Purchese: When did you know, then? When was the moment you knew, “Oh, crap, this is doing well?”
Jones: We did a demo disc for Lemmings, which was quite unusual back then. Back in those days, magazines used to cover demos of games early on, so we did a demo disc, and that seemed to go down really well. But really, it wasn’t until the day it went on sale. Up until then, we’d sold — Menace and Blood Money maybe sold 10,000 or 20,000 copies over a year. I remember Psygnosis calling me on the day of launch. It was Valentine’s Day, 1991. Literally every hour, they would say, “It’s up to 50,000. It’s up to 60,000.” It did more than 100,000 on its first day.
Purchese: How old were you?
Jones: I was about 23.
Purchese: So, you’re 23. You haven’t finished your degree. But this game suddenly looks like a big success. What were you thinking when they were phoning you up about that?
Jones: It’s a bit of numb shock. You always want to create a game that’s a big success like that, but deep down, you wonder if it will always just be like the previous games. Obviously, it’s a mixture of sheer exhilaration and a reward for all the hard work that went into it. Until you’ve been through it, it’s hard to explain.
Purchese: Presumably, the success of Lemmings for you personally was life changing. You could have gone out and bought a Ferrari after that.
Jones: Yep. And I did. Twice. That was the thing to do in the ‘80s and ‘90s. You remember all those adverts with game programmers and pictures of Ferraris. John Carmack. It was the thing in the U.K. as well. But more important, it was life changing because then, we could do other games as well. Finally, it felt like a real company. You could make a living from this. We started to employ other people with good ideas.
Purchese: Lemmings had many different versions after this across many different platforms of the time. It was at this point, I suppose, that DMA kind of leveled up as a company. You moved offices. Before we get on to that — other big franchise you created — there was an odd interlude with Nintendo.
Jones: Yeah, we worked with Nintendo for a few years, which was great.
Purchese: You made [an] SNES game called Unirally, about unicycles.
Jones: Yeah, as you do.
Purchese: And Pixar took you to court?
Jones: Yep, as they do. It was hard in those days. We greenlit a unicycle character, and they had a unicycle short film. I think it was called Red’s Dream. They just used it as a demonstration of a rendering technology. When you put them side by side, they were quite similar, but I think it’s because it’s quite hard to create a unicycle that looks different from another unicycle. Especially, when you animate it. They got upset. They felt that it was too close to their unicycle. For someone who’s young — Lemmings was just our fourth or fifth game — getting these legal letters from a company like Pixar was, “Oh my God, what’s happening?”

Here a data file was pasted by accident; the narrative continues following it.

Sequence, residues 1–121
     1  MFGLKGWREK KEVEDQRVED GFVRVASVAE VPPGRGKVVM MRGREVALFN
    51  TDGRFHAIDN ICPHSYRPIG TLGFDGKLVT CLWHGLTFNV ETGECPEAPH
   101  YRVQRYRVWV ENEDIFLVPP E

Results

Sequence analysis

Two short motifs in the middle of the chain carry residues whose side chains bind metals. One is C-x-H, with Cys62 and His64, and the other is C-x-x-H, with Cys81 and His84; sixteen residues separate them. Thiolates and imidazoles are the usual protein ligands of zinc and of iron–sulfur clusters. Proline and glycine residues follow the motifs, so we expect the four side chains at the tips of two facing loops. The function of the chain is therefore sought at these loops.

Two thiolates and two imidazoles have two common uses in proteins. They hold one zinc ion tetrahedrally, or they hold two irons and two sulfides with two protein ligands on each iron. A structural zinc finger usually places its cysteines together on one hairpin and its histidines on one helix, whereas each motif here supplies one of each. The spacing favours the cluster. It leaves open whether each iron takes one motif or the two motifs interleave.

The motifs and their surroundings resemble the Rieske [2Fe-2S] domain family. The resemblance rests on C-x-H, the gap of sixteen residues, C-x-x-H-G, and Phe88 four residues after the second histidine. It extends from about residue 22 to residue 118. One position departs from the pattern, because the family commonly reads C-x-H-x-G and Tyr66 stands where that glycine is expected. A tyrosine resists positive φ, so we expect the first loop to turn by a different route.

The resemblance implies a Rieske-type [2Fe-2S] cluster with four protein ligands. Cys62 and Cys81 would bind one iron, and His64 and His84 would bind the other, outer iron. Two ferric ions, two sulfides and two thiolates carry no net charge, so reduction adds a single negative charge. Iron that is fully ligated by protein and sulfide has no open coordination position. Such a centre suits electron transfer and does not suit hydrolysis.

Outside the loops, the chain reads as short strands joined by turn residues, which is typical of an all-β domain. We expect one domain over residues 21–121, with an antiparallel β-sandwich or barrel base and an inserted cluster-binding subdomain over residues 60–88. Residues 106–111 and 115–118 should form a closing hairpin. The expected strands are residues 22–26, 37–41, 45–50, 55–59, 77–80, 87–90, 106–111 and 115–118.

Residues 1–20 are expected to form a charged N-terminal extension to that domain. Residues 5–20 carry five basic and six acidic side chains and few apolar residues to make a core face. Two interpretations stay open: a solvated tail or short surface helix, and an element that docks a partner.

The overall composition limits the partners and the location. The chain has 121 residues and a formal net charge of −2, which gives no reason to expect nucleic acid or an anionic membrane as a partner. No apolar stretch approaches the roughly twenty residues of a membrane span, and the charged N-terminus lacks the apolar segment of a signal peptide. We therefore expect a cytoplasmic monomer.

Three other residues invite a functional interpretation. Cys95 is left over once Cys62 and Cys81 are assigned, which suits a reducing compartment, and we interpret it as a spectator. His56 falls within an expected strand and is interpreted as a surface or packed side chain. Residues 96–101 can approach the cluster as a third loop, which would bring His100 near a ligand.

Purchese: Nintendo pulled the game from sale.
Jones: Yeah, yeah, which was a shame. It was a fun game, working on that one. There were some nice design concepts, simple things like stunts giving you speed. It was a very good co-op game. It was one of the first co-op games we worked on. Unfortunately, it would have been more costly to fight it. It actually made copies of the game very rare. I don’t have one. I’m struggling to find one. I think they go for quite a lot of money.
Purchese: Anyway, zipping forward a bit, in 1995, your team started work on something else. Something you originally called Race and Chase, apparently? Now, I’ve read that you didn’t really like racing games at the time.
Jones: That’s right. They were all pretty much the same. There was no innovation in that area of games. I loved driving. I loved the idea of a driving game. But not just — it’s hard to innovate in pure racing. If I was going to do a car game, a driving game, I wanted to do something a little bit different.
Purchese: In order to get you on board with this idea, your team came up with — they decided to flip this game, the perspective of this game, so you weren’t looking at the horizon as a driver. You were looking straight down. They set it in the city, and, of course, this is the top-down perspective of Grand Theft Auto. That convinced you?
Jones: Yeah. I liked the “zoom as you vroom,” as we called it. When you went faster, it just gave you this nice perspective. You could see more. You had more time to react. You could take in what was happening around you on a larger scale. It felt like there was something there.
Purchese: What was the initial pitch for this game?
Jones: Well, actually, it was — initially, I was more interested in the simulation of the city. If we’re going to make a city, let’s make it a believable city. Let’s make it react to the player’s actions. And then, because it was Race and Chase, you could either play the police or play the bad guys. The idea was chase down the bad guys as the police or try to escape if you want to play the bad side. That’s initially where it started off.